“Going to yearbook everyday and helping out with any work people need is an empowering moment to me.I feel the strongest when I get to make my own decisions”
He has grown more comfortable in his own skin learning to accept his disease.
The two years spent together has built a friendship for both Alvarado and Holgen. Due to attending classes everyday, as well as nutrition and lunch, the bond between them has grown professionally and emotionally. They have gotten to know each other on a personal level, likes and dislikes, mannerisms and sayings, and hopes and feelings.
“I hang out with Sam everyday, so he is pretty much my best friend,” Josue said.
This relationship has also impacted Holgen.
“When he leaves and graduates, I will miss [him]. He is the only student I have had at the high school. I think he is a very good young man. It has been a pleasure to work with him,” Holgen said.
When junior Scott Nicholson swung open the door to room 207, he found his friends Josue Alvarado , Jose Galvez, Brandon Harrison, sitting in semicircle of various desks and chairs. But he was occupied with the headline he read the prior night in the breaking news section of KSBY. “O-Overton,” he said slowly with rising enthusiasm. “Overton is the... new principal!”
Nicholson was eager to share his thoughts and opinions alongside his peers, just like any other student. All he needed was a little time to find the right words.
Since childhood, Nicholson struggled with stuttering, a board communication disfluency characterized by repetition and breaks in speech, that impacted his social skills, inclining him to communicate non-verbally.
“Embarrassed,” Nicholson said, reflecting on his biggest hurdle his freshman year, “in front of people. But, I had questions”.
Now, he has become an outward, ambitious, and active student over the past two years after finding a support group to overcome his social anxiety for speaking publicly.
Nicholson is one of the 3 million Americans who stutter, according to nidcd.nih.gov. Until Nicholson attended PRHS, he communicated primarily with an iPad he had won after his teachers at Lillian Larsen entered him in a contest. His school paid for the communication app Nicholson used throughout middle school. For his freshman year at PRHS, Nicholson was enrolled in the Adaptive Learning Center. His primary education consisted of invocational lessons, community based instruction, and modified math and English lessons. Nicholson found his place in the program.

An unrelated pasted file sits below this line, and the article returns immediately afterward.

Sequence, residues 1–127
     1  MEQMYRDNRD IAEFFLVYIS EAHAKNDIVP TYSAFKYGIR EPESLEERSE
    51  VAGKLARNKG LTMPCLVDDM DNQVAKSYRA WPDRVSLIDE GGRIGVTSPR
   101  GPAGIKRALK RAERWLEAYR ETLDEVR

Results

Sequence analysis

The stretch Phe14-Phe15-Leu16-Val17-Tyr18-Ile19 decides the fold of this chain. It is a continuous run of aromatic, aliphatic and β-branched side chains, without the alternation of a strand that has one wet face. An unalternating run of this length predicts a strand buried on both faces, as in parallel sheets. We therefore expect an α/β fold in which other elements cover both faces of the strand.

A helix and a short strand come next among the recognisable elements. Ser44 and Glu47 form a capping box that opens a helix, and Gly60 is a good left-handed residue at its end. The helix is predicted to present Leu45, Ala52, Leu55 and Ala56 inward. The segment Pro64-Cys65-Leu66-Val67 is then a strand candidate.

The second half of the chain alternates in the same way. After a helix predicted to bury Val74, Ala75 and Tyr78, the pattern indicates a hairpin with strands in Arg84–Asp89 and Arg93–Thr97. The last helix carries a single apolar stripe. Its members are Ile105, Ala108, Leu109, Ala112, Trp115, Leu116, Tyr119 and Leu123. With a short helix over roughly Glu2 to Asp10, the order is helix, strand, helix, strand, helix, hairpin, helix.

“There’s a law called LRE -- the least restrictive environment,” said Special Ed teacher Chris Emmons, who was Nicholson’s main teacher and advisor for his freshman year, “so every student should receive their education, even in individual education plans, in the least restrictive environment. He was definitely a candidate [for individual classes] for his high level of independence and high level of functioning.”
Before he could speak his mind or ask a question, Nicholson first had to work up the courage and the right time to articulate his ideas at his own speed.
Whenever he had a question in class, then freshman Nicholson nervously gripped the pencil in his hand, heart racing. Today, he was practicing money counting, a math course designed to help him count change, but he didn’t quite understand why he had to round. He had the words in his head, now swirling in a current of fear for how he was going to say it. He looked at his fellow peers, wondering how they could speak with ease.
He reached for his iPad.
“I used the iPad because I had a hard time talking. I started using it in 6th grade. [It was a gift] from school to help me talk. It made me feel good,” Nicholson said.
When his classmates in room 331 began to express their same daunting frustration towards communicating their ideas and grasping new concepts, gradually, Nicholson realized that he wasn’t the only student who was struggling.
Some needed a reminder on how much a nickel was.
In the morning, others asked for the date while writing it on the board.
And some asked their peers what was next in the class schedule.
With every challenge he and his classmates conquered, Nicholson gained a better understanding of peer support.